Social Policy

Social Policy in Europe

Description of Social policy

The Concise Encyclopedia of the European Union describes social policy in the following terms: [1] The essence of EU social policy – especially since the Commission presidency(1985-95) of Jacques Delors – has been to give the Community a ‘social dimension’ through removing control of employment conditions from national governments and harmonising them under Community law.

Employment, Social Policy, Health and Consumer Affairs in the European Union


The Treaty of Rome (1958) included virtually no articles governing social policy. The provisions that did exist related mainly to implementing the free movement of labour and freedom of establishment within the context of the common market. The Single Act made it possible to emphasise the importance of social policy. One of the principal objectives of the Treaty of Amsterdam is to promote a high level of employment and activity.

In November 1997, the Luxembourg European Council was devoted exclusively to the employment issue.

On a proposal by the Council, the Cologne European Council (June 1999) adopted the European Employment Pact, which embodies the following elements:

improvement of the interaction between fiscal, wage, monetary, budgetary and financial policies;
further development and better implementation of the coordinated employment strategy;
comprehensive structural reform and modernisation to improve the innovative capacity, competitiveness and efficiency of the markets in goods, services and capital.

Social policy

The Strasbourg Summit (December 1989) adopted the “Charter of Workers’ fundamental Social Rights”. This initiative enables better account to be taken of the social dimension in the Community’s future development. The provisions of the European Social Charter are set out in the Treaty of Amsterdam.

The Nice Summit (2000) launched the European social agenda, the aim of which is to modernise the European social model. This improved model also made provision for including fundamental human rights in all future treaties.

The principal objectives of social policy are:

increased participation in the labour market, rising to 70% in 2010;
lifelong learning;
strengthening the social partners’ role;
the fight for more and better jobs;
the elimination of poverty and illiteracy;
enhanced investment in human capital;
combating all forms of discrimination and formulating a policy of equality between men and women.


The Maastricht Treaty provided fresh impetus to joint action in the area of public health by introducing an article dealing specifically with this sector. Under Article 152 of this treaty, a high level of protection of human health must be secured in defining and implementing all Community policies and actions.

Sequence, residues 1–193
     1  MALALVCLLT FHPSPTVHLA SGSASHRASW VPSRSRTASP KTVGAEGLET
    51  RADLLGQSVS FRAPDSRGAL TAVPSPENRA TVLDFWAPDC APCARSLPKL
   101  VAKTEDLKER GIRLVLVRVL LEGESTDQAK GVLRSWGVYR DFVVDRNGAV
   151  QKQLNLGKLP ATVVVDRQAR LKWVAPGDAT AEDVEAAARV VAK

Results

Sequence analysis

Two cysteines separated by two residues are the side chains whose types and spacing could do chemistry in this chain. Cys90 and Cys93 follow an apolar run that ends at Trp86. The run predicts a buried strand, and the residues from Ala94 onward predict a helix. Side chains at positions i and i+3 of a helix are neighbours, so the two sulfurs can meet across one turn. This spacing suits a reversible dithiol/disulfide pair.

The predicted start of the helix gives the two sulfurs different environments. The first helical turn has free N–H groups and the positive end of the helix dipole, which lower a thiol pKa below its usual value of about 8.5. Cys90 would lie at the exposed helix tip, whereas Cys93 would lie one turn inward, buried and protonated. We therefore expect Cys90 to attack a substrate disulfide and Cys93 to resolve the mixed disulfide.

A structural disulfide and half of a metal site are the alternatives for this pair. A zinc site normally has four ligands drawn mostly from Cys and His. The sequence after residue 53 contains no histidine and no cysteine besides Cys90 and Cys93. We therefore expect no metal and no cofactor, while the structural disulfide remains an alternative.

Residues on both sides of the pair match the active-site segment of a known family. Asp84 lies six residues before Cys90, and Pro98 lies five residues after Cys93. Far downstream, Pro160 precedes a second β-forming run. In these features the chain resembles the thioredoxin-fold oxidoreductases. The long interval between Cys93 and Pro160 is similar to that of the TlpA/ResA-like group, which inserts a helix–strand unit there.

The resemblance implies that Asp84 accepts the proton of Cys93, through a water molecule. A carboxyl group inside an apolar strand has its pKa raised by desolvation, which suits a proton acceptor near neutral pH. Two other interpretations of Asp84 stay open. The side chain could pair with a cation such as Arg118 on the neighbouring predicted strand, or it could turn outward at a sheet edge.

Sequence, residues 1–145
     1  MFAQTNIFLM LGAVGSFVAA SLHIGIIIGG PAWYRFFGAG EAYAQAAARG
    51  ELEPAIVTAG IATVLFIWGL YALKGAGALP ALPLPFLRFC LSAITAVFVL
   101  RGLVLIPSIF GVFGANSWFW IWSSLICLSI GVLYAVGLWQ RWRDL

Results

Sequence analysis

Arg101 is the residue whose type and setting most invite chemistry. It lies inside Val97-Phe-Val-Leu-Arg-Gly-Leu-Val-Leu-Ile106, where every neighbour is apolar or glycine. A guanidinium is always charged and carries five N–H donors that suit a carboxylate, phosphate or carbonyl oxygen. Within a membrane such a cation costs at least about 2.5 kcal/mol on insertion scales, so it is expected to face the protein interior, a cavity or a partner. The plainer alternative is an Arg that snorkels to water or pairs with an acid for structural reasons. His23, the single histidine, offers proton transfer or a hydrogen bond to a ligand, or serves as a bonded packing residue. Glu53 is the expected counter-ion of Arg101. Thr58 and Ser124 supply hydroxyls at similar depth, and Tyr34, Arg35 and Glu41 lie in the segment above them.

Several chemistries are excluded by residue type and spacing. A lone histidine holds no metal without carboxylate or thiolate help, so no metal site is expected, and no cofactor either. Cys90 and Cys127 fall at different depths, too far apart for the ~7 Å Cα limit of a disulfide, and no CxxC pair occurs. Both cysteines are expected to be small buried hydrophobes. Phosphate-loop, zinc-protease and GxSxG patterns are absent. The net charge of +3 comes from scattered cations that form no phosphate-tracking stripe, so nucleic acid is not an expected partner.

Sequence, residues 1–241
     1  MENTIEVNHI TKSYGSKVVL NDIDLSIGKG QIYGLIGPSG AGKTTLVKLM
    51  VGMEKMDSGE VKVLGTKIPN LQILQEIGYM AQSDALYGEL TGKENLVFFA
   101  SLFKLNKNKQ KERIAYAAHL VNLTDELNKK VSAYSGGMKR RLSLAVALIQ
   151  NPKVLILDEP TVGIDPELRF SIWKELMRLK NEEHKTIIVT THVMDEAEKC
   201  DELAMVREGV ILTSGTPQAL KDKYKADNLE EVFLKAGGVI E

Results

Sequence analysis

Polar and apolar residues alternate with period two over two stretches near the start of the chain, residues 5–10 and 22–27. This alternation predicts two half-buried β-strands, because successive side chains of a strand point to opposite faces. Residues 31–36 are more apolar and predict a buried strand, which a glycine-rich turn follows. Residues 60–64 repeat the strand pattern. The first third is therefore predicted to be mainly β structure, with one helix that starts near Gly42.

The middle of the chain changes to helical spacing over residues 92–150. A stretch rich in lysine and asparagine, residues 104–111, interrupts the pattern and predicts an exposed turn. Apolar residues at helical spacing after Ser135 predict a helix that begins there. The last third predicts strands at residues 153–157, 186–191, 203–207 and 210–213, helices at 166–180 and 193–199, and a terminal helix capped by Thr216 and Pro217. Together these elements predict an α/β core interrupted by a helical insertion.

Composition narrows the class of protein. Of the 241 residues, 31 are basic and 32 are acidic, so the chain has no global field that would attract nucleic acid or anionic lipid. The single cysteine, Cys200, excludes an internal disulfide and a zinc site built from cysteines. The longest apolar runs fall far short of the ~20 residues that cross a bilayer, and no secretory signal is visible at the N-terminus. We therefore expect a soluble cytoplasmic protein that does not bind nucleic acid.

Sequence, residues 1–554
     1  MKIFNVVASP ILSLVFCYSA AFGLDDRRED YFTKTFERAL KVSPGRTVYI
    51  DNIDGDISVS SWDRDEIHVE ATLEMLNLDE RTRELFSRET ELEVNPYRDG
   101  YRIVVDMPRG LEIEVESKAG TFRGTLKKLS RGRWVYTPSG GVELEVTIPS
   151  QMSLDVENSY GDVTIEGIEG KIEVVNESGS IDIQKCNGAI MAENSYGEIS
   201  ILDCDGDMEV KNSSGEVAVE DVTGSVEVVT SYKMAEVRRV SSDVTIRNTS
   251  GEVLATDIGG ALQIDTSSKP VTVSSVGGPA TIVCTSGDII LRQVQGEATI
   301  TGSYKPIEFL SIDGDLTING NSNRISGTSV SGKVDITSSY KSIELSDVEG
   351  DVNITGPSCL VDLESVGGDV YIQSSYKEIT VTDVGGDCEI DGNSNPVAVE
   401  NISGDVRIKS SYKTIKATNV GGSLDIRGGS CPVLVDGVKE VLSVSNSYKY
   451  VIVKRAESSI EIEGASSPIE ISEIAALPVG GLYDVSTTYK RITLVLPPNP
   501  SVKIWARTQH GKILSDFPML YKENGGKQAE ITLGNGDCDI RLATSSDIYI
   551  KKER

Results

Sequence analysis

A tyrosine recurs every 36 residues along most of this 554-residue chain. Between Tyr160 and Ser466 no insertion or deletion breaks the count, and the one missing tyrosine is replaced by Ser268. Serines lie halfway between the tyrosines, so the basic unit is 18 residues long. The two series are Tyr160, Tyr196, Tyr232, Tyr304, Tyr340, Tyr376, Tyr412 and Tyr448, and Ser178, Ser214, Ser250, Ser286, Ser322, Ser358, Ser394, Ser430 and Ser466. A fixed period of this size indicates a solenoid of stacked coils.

The Treaty of Amsterdam fully recognised the importance of good public health. Member States are encouraged to adopt additional measures to reduce all health risks.

In the area of public health, the European Union’s principal objectives are to:

promote a healthy lifestyle;
prevent terminal illnesses such as AIDS and cancer;
improve public health by combating diseases connected to infections, accidents, doping and (rare) hereditary diseases;
monitor and analyse improvements in public health in EU Member States;
guarantee economic support for high-quality healthcare for the elderly;
improve (access to) information.

Consumer protection

European consumer policy was initiated during the 1970s when the European Commission formulated five fundamental rights of consumers:

right to the protection of health and safety;
right to the protection of economic interests;
right to compensation;
right to information and education;
right to be represented.

The 1986 Single European Act introduced for the first time the concept of “consumers” into a treaty. Completion of the single market on 1 January 1993 then allowed further measures to be adopted in the area of consumer policy. The Maastricht Treaty introduced consumer protection into common policies. The general objective is that the Community must contribute towards strengthening consumer protection. The Treaty of Amsterdam in turn gave this policy new momentum. Under this treaty, protecting the health, safety and economic interests of consumers and promoting their right to information and the right to organise themselves in order to safeguard their interests are fundamental objectives of this policy.


Notas y References

  1. Based on the book “A Concise Encyclopedia of the European Union from Aachen to Zollverein”, by Rodney Leach (Profile Books; London)

See Also

Social Chapter
Social Charter

Leave a Comment